Talking to children with atypical development: a study on the practice of asking ‘Are you going to’ questions

Research output: Chapter in Book/Report/Conference proceedingChapter (peer-reviewed)peer-review


Interactional studies of children with language impairments and their habitual interlocutors are key to understanding reciprocal adaptations in communication. The chapter is based on video recorded observations of three families at home, each with a child with Down Syndrome of approximately 6 years of age. The analysis focuses on the parental practice of asking the children ‘Are you going to’ questions. The results document two main uses: ‘request for information’ and ‘action solicit’. The analysis suggests that using the question as action solicit may hamper children’s comprehension and undermine their agency. A comparison with other action solicits and relative frequencies of use suggests family styles that either privilege a Requester’s Perspective or the Child’s Perspective. It is argued that, by privileging the Child’s Perspective, parents limit the imposition on children but subtract potential for normative and epistemic socialisation, as well as opportunities for the child to display their collaboration.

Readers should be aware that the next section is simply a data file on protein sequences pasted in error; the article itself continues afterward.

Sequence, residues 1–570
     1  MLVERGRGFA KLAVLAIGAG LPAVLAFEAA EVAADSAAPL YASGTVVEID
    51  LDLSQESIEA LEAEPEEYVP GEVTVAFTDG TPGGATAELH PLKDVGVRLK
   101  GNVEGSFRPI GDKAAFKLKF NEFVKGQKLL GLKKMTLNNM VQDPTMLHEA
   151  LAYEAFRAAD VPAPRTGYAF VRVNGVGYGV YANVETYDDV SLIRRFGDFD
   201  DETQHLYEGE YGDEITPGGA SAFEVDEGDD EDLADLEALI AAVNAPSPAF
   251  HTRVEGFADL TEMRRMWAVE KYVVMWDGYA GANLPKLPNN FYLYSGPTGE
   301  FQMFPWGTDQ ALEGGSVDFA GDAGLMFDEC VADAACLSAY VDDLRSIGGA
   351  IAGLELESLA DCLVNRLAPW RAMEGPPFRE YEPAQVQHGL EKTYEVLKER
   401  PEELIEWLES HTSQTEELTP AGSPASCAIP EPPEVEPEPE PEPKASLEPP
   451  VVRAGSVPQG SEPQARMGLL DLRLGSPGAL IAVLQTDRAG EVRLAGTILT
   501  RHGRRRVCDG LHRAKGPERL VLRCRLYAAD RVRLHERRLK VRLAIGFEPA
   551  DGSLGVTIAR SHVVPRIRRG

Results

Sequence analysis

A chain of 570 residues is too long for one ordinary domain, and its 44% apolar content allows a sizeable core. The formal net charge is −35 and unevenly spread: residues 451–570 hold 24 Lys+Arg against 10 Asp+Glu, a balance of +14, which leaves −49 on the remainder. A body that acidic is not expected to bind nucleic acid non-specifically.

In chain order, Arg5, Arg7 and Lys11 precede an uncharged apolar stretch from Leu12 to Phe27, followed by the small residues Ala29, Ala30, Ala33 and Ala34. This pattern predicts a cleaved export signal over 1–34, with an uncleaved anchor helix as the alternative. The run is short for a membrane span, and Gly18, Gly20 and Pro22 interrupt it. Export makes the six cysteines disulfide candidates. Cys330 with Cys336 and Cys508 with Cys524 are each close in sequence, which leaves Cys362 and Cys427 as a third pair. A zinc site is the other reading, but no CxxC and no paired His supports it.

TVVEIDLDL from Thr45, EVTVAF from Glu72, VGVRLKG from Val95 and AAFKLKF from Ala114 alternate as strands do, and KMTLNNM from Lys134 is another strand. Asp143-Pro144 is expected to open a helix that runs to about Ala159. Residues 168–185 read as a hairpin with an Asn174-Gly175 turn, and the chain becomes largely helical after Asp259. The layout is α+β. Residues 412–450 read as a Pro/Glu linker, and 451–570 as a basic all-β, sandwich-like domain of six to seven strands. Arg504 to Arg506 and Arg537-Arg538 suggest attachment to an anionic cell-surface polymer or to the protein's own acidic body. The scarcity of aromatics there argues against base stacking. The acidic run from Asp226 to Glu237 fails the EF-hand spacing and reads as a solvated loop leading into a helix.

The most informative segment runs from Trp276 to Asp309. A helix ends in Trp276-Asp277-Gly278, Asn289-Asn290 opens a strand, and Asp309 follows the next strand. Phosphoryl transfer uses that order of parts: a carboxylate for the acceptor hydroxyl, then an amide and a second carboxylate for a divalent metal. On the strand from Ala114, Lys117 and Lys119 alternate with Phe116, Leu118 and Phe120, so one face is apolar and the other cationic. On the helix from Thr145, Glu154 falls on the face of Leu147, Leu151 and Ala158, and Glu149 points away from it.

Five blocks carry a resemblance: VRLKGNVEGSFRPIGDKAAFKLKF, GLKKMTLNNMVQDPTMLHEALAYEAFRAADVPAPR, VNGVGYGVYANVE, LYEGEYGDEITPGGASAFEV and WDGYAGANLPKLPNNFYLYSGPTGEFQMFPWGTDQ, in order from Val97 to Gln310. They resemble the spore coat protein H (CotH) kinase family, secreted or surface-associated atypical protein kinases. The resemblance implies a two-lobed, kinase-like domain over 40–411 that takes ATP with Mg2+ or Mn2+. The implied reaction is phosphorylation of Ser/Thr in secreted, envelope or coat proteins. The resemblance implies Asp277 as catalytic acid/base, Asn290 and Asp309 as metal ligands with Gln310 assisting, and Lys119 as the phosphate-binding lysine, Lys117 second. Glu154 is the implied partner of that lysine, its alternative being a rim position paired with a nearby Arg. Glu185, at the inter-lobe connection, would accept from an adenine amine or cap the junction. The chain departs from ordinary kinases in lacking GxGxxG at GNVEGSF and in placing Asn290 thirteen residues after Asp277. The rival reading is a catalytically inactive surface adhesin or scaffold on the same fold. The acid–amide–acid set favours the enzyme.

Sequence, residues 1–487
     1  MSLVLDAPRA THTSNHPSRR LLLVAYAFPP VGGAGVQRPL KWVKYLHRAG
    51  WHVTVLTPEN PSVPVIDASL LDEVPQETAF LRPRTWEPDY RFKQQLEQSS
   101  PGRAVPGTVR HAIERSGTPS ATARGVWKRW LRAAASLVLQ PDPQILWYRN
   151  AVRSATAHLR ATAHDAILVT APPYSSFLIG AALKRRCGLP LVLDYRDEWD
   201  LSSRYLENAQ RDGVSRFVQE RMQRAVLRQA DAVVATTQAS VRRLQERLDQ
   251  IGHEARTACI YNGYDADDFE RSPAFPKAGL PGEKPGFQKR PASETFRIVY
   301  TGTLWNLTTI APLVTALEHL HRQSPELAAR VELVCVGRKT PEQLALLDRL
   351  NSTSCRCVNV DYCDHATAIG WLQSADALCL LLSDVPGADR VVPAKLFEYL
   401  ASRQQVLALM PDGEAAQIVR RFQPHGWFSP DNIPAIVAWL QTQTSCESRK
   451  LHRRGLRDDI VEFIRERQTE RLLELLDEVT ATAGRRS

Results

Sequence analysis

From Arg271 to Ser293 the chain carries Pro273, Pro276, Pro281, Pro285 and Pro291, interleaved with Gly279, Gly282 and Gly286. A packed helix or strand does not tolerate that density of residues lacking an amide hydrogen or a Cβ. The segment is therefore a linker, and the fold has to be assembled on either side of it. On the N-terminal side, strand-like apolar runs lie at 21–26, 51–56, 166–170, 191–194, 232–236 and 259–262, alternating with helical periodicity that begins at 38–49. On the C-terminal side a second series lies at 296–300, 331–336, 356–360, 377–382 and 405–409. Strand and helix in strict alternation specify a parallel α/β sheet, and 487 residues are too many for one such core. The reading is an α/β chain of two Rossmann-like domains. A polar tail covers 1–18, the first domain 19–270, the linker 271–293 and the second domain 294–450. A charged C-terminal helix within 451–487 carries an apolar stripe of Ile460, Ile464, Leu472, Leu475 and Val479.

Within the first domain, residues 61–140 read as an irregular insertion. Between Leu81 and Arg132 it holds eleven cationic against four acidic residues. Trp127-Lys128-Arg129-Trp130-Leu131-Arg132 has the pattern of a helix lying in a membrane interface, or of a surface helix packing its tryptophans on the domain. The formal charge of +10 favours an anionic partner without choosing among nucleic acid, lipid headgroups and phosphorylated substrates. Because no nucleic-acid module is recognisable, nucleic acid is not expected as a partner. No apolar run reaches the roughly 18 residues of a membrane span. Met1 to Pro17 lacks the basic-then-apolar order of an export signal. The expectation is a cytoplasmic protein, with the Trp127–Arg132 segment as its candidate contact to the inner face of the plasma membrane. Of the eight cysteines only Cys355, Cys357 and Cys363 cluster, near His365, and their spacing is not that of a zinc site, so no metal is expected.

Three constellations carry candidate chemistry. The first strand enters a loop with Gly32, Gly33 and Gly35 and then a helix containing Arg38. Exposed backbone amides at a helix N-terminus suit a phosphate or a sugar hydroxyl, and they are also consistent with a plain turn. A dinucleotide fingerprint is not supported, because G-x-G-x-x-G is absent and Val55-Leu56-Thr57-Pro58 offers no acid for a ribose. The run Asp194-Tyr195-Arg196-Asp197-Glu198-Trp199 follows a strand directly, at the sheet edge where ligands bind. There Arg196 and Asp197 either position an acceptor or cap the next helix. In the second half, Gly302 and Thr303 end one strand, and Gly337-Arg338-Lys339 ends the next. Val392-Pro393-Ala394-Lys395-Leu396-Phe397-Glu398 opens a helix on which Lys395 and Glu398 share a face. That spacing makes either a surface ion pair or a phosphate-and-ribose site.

Original languageEnglish
Title of host publicationLanguage and Social Interaction at Home and School
EditorsLetizia Caronia
PublisherJohn Benjamins Publishing Company
Number of pages32
ISBN (Electronic)9789027259011
ISBN (Print)9789027209481
Publication statusPublished - 15 Nov 2021

Publication series

NameDialogue Studies
PublisherJohn Benjamins Publishing Company
ISSN (Electronic)1875-1792


  • conversation analysis
  • atypical interaction
  • children with Down syndrome
  • action formation
  • 'are you going to' questions
  • action solicits
  • directives


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